He may not be the league-altering superstar many anticipated predraft, but this version of Lonzo is still incredibly fun.
As a restricted free agent, there's inherently some barrier to entry in trying to sign Lonzo this offseason, but given how well he's been playing, plenty of teams will likely have interest. However, these teams better be very certain of his fit, because if Lonzo is asked to be a standard point guard, he likely won't live up to expectations.
Despite a rough first impression, Evan Fournier seems to be settling into his ideal role with the Celtics. However, Boston is particularly well-suited to take advantage of Fournier's skill set, highlighting his strengths as a scorer while minimizing weaknesses thanks to the presence of Jayson Tatum, Jaylen Brown and Kemba Walker.
Other franchises around the NBA without such pedigreed offensive talent might see Fournier's years of big counting stats with the Orlando Magic and contribution to a competitive Celtics team and then overpay him.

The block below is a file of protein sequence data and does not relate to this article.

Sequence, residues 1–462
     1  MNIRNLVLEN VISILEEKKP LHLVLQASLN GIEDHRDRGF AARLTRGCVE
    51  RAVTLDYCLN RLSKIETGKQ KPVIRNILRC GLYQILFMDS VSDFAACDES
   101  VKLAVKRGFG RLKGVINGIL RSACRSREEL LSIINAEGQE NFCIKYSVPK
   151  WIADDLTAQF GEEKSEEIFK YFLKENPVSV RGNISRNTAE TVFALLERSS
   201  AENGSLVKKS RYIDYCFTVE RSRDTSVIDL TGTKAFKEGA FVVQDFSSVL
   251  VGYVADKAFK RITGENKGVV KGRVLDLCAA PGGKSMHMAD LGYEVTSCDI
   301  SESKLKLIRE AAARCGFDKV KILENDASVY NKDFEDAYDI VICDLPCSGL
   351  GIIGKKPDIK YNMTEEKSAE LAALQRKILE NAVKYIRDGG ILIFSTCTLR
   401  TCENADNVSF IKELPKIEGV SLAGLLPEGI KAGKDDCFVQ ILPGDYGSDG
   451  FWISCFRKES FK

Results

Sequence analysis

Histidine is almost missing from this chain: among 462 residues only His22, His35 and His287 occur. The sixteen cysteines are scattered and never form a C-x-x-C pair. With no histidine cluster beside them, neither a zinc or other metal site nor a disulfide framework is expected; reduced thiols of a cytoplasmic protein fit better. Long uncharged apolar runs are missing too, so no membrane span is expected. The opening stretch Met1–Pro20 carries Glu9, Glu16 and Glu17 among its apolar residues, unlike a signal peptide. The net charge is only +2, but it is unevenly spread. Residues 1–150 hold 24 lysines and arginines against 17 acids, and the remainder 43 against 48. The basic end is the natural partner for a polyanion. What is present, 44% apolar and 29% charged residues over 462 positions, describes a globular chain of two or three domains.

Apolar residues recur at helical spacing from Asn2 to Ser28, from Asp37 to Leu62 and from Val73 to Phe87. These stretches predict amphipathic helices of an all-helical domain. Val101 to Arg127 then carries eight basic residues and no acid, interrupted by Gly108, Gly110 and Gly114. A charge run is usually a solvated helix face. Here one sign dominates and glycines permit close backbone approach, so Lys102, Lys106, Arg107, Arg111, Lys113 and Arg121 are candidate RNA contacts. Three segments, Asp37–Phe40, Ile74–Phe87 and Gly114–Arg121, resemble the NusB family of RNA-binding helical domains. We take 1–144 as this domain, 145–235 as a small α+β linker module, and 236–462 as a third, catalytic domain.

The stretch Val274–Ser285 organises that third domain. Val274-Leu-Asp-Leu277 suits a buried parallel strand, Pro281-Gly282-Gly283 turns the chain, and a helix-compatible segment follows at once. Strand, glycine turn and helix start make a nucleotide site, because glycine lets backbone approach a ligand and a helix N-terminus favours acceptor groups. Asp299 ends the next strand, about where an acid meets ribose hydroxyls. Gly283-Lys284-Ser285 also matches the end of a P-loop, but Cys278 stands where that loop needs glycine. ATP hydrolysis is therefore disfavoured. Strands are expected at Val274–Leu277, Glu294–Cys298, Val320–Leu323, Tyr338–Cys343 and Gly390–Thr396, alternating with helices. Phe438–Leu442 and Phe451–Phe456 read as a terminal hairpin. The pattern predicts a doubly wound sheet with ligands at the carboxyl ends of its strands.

The Frenchman has more or less been the same player for the entirety of his career, though he's become a slightly more efficient scorer in recent years. He's averaged between 15.0 and 19.0 points per game, 2.6 and 3.2 rebounds per game and 2.7 and 3.6 assists per game in each of the last six seasons. Additionally, the 28-year-old has rarely been a notable contributor to winning basketball, as evidenced by the fact that he was never one of the Magic's top five on/off-split players during his tenure (a stat that feels particularly telling, considering the team never advanced past the first round with him on the roster).